Archive for the ‘Heaven’ category

John Piper, Rick Warren, and the Purpose Driven Life

May 27, 2011

Let’s just pretend for a moment you did not read the title of this blogpost.  Let’s pretend that there was an anonymous Christian minister who explicitly affirmed the following:

I am passionate about the glory of God above all things.
I believe in the absolute sovereignty of God in all things, including sin and tragedy.
I believe in exhaustive, meticulous divine providence.
I believe in the doctrines of grace, including total depravity, unconditional election, and particular redemption.
I affirm the five solas of the reformation and consider myself a monergist both in justification and sanctification of the believer.
I believe in the eternal, conscious torment in a literal hell.
I believe that substitutionary atonement is at the heart of the gospel.
I believe in that the imputed righteousness of Christ is essential to the nature of the gospel.
I believe that God saves us from Himself by sending us His Son as the wrath-bearing propitiation in my place.
I believe the Bible is the inerrant Word of God.
I believe that those who die never hearing the name of Christ will not go to heaven.  They need to hear the gospel, and the church must go to them and make Christ known in order for them to be saved.
Everything I do in life and ministry has an overarching missionary focus.

Having considered these personal beliefs and affirmations, what well-known evangelical preacher might we be talking about?  John MacArthur? Sounds a lot like him. Albert Mohler? Possibly. D.A. Carson? Perhaps.

Who is it that made these personal affirmations?

Rick Warren.

If you don’t believe me, watch and listen for yourself.

Like just about every other evangelical leader I respect, I don’t agree with everything Rick Warren says and does, but I found this interview very clarifying and confirming.  I cannot imagine the controversy and criticism both John Piper and Rick Warren will receive from this interview, but I’m grateful they made this agreement, having demonstrated a substantive, constructive, engagement on important issues from two very different perspectives.

I don’t know of two pastors in our country who have more influence on my generation than John Piper and Rick Warren.  They have asked that we pray for them, especially in regards to pursuing humility, fighting pride, and stewarding their influence for generations to come.  God has given these men incredible platforms to display the glory of God in the gospel of Jesus Christ.  Let’s pray for them and their continued usefulness in such enormous proportions for the advancement of the gospel both in breadth and depth for many years to come.

Amen.

Hope Loves Best to Live There Most

December 3, 2010

Thomas Brooks, in his amazingly encouraging book, Heaven on Earth, writes about the nature of the Christian hope.  He explains that the first property of our hope is that it “elevates and raises the heart to live above, where its treasure is.”  He adds:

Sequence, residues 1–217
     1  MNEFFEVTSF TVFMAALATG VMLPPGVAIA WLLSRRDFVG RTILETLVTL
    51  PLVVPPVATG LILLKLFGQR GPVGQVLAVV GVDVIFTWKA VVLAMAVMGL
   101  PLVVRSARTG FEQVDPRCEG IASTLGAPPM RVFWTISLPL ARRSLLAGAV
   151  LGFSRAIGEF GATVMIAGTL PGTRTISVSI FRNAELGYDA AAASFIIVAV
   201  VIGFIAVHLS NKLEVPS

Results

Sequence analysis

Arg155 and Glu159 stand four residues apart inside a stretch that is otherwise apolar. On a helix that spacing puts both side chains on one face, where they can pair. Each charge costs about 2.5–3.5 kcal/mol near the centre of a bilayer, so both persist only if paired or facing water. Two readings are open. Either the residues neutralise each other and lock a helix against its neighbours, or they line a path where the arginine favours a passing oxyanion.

This hope is from above, and it makes the heart to live above: it is a spark of glory, and it leads the heart to live in glory.  Divine hope carries a man to heaven,
for life to quicken him,
for wisdom to direct him,
for power to uphold him,
for righteousness to justify him,
for holiness to sanctify him,
for mercy to forgive him,
for assurance to rejoice him,
and for happiness to crown him.
Divine hope takes in the pleasures of heaven beforehand; it lives in the joyful expectation of them.  It fancies to itself, as I may say, the pleasures and joys of eternity, and lives in a sweet anticipation of what it possesses by faith. Hope’s richest treasures, choicest friends, chiefest delights, and sweetest contents are in the country above; and therefore hope loves best to live there most.

Meditate on that today and see this divine hope elevate your heart heavenward!

Heaven – Home of Gospel-Embracing Repenters

October 13, 2009

Heaven is a prepared place for a prepared people. Because heaven is a prepared place, our Christian lives should be characterized by rejoicing and anticipating being with the Lord.  Because heaven is for a prepared people our Christian lives should be characterized by repentance and turning away from ourselves.  Therefore, the Christian life is both one of rejoicing and repentance, at the same time.  In fact, it could be said that, though we mourn over and hate our sin, our repentance should be joyful knowing that God has promised bring to fulfillment that which he began in us, namely the glorification of His Son in us.  There is no genuine joy without thorough repentance, and genuine repentance ought to bring about increasing joy as sin is displaced and we draw nearer to Jesus.

We often call Christians “believers”.  “We are a gathering of believers . . .” but Christians are also “repenters,” so why don’t refer to a gathering of repenters?  Our response to the gospel at conversion is both – a repenting faith or believing repentance, and our response to the gospel from that moment on is the same.  The more we behold Jesus by faith as seen in the gospel, the more we are transformed into His image from one degree of glory to another.  If there are no degrees of glory being experienced on earth, then what, pray tell, would such a professing Christian claim to experience in heaven?  The very degrees of glory we experience in the daily transformation of our lives through repentance and faith are meant to be a foretaste of the fullness of glory to be seen when we are “taken up into glory.”  To miss it here is to forfeit it there.

(more…)